Venice to Vernazza

Train: Venice to Florence

Mike and I got to the train station two hours early like we were catching an international flight. But we are in Italy now where trains seem to be able to do what they want and we waited and waited. The growing crowd of nervous train departure screen watchers grew and we all cheered when the track number was finally posted – 20 minutes late but supposedly still scheduled to leave on time.

Train: Florence to La Spezia

Mike and I had a tight connection we were convinced we had missed. But lo and behold the train was still listed under departures and we sprinted to the other side of the train station (isn’t your connection always on the opposite side of where you are?!). We found seats near a family from Long Island who were kind (although their luggage took up four entire seats) and caught our breath…and then waited and waited. Something wasn’t right.

Train: Florence to Lucca to Pisa to La Spezia to Vernazza

Eventually, we investigate and are told that there’s an accident on the tracks and our train won’t make it all the way to La Spezia. The lady dishing out this information started suggesting to the crowd other routes to take – but mostly it was a maze of connections through Italian cities I had never heard of. We walked away confident but then stared at the departures board in lost confusion.

I’m proud of us though. We didn’t freak out. We didn’t yell at each other. We didn’t bemoan that the entire trip was ruined. We didn’t rush decisions or re-purchase tickets. The long island people we had been sitting next to took forever to get all their luggage off the train and then immediately called their travel insurance to complain before even figuring out a plan. We met another group later that looked exhausted and pissed off after re-purchasing three different train tickets and feeling routed all over the place.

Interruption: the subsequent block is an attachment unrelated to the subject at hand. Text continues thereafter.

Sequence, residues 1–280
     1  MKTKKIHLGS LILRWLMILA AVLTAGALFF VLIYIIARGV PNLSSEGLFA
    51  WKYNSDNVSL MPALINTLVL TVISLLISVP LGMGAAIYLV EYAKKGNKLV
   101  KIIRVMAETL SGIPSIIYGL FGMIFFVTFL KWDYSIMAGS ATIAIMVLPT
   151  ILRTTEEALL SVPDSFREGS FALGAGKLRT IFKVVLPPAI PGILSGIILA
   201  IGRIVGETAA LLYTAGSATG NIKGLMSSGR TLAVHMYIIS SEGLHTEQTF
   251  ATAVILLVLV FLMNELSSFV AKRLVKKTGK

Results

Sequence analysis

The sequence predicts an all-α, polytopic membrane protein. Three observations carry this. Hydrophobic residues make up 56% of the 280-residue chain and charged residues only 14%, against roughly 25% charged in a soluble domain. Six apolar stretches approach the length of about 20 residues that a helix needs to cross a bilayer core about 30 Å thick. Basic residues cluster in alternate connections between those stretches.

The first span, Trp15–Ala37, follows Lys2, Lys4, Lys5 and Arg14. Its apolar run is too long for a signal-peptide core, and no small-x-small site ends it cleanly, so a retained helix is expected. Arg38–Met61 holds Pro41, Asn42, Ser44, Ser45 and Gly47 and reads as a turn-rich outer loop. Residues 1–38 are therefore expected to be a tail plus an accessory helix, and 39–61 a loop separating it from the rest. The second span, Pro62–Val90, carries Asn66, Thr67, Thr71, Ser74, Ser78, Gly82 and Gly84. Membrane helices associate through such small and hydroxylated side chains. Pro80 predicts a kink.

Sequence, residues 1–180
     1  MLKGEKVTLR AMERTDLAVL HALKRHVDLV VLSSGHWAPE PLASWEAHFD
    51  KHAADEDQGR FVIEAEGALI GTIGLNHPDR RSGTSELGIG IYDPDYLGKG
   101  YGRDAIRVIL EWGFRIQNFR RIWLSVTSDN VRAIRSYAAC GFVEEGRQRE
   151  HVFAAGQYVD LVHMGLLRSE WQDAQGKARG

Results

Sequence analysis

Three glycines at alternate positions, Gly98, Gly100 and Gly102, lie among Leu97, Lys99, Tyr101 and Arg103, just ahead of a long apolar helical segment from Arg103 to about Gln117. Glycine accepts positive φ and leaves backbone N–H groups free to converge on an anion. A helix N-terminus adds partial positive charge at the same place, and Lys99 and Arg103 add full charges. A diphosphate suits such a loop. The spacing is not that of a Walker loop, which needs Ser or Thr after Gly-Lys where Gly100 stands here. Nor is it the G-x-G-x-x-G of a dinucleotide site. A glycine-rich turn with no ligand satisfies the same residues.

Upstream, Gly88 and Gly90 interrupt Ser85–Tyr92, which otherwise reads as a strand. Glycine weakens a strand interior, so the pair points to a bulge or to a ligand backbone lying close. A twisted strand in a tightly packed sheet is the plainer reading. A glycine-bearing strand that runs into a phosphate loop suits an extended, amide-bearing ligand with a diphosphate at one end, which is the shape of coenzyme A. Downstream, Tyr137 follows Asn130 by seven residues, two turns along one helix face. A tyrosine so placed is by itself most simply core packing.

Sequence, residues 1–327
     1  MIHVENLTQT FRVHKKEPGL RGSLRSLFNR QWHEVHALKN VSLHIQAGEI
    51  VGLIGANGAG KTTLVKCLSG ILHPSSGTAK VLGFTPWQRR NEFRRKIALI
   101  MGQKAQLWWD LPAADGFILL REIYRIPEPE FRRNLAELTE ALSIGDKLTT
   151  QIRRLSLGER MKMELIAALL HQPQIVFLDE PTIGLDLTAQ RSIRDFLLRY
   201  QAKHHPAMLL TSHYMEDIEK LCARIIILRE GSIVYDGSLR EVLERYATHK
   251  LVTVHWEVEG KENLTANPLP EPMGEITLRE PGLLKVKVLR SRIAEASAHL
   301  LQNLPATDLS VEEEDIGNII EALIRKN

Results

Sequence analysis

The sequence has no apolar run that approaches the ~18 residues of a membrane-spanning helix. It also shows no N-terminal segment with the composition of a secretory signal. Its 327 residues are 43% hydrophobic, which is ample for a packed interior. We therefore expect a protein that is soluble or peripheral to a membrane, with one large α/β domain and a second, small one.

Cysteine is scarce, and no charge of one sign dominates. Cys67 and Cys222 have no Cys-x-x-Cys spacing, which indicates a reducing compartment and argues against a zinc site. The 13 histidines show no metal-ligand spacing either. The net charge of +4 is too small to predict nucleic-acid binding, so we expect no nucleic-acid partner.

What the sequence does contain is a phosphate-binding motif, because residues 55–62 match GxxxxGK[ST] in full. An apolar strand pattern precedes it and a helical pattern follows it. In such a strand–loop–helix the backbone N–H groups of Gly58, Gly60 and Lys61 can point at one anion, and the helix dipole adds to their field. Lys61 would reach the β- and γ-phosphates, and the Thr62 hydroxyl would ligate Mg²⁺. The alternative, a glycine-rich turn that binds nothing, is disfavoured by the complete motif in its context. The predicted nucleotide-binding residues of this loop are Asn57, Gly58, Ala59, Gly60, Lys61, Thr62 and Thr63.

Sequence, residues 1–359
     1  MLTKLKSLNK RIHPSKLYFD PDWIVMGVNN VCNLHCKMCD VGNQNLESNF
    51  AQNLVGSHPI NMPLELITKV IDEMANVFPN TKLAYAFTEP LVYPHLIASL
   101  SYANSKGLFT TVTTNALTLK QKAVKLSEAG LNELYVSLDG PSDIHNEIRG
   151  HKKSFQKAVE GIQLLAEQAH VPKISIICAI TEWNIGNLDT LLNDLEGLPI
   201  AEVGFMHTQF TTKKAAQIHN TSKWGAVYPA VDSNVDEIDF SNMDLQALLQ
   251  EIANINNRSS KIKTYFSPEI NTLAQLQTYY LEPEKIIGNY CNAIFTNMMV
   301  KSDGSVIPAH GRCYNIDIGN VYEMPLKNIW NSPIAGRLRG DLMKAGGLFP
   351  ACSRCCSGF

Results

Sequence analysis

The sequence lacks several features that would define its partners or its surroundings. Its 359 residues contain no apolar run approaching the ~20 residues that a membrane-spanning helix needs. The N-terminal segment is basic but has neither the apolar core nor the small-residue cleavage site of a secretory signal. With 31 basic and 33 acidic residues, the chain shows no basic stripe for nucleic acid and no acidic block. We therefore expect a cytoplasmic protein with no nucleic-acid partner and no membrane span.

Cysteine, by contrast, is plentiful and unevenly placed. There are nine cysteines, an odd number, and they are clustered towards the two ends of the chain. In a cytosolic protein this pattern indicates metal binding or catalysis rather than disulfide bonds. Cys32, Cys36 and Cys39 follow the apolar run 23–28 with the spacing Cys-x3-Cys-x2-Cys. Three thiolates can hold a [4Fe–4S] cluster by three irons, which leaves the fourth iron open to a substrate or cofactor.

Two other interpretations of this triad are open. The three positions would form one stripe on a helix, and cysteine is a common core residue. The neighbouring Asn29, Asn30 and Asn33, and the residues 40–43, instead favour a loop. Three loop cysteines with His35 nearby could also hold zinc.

Instead, when we couldn’t figure out an alternate route on the departure screen or Mike’s phone or the timetable map, Mike went up to a security guard to see if the train station had a better information booth. Instead the guy told us to hop on the train leaving now right in front of him and connect via a city we had actually heard of: Pisa. So we just went with it and hopped on. Onboard I found a Tuscany train map that helped reassure us we were headed in the right direction and during train stops and connections we found drinks to stay hydrated and watched each other’s stuff during bathroom breaks. We handled the small mishap by treating it as a small mishap; we later learned the accident on the tracks was that someone had been killed by a train earlier and we were grateful to have not been on that train or the family of whoever was killed – someone always has it worse.

The one moment I felt bad about our late arrival was that we had told our AirBnb host that we would arrive at 3pm and we didn’t get there until after 5pm. Our host’s Italian-only speaking parents had been sitting there waiting for several hours to welcome us and give us the keys; the nice honeymoon prosecco they had put on ice for us was now sitting in a bucket of water. I said the word train over and over again in an apologetic tone but who knows how that translated.

We dropped our stuff off, meandered back down the stairs to the main street of the village and toward the harbor as the sun set. We grabbed a table right on the water and I enjoyed Italian pesto gnocchi and a local wine. Between the views from our AirBnb, the promise of hiking, and our sunset dinner, Cinque Terre grabbed us in the most wonderful way possible from the very beginning.

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